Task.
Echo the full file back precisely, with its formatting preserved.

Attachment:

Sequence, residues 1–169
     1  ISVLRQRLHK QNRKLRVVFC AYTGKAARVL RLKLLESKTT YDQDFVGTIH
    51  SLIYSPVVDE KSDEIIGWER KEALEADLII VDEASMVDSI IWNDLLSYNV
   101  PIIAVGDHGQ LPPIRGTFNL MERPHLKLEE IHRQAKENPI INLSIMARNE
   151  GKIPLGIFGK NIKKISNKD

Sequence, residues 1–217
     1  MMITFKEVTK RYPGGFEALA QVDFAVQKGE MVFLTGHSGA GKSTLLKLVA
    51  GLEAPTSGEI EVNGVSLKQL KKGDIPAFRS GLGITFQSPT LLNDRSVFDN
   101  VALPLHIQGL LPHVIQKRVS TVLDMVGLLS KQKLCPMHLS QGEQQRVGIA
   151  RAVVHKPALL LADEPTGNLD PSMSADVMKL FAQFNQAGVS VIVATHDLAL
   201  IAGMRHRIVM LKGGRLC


Sequence, residues 1–169
     1  ISVLRQRLHK QNRKLRVVFC AYTGKAARVL RLKLLESKTT YDQDFVGTIH
    51  SLIYSPVVDE KSDEIIGWER KEALEADLII VDEASMVDSI IWNDLLSYNV
   101  PIIAVGDHGQ LPPIRGTFNL MERPHLKLEE IHRQAKENPI INLSIMARNE
   151  GKIPLGIFGK NIKKISNKD

Sequence, residues 1–217
     1  MMITFKEVTK RYPGGFEALA QVDFAVQKGE MVFLTGHSGA GKSTLLKLVA
    51  GLEAPTSGEI EVNGVSLKQL KKGDIPAFRS GLGITFQSPT LLNDRSVFDN
   101  VALPLHIQGL LPHVIQKRVS TVLDMVGLLS KQKLCPMHLS QGEQQRVGIA
   151  RAVVHKPALL LADEPTGNLD PSMSADVMKL FAQFNQAGVS VIVATHDLAL
   201  IAGMRHRIVM LKGGRLC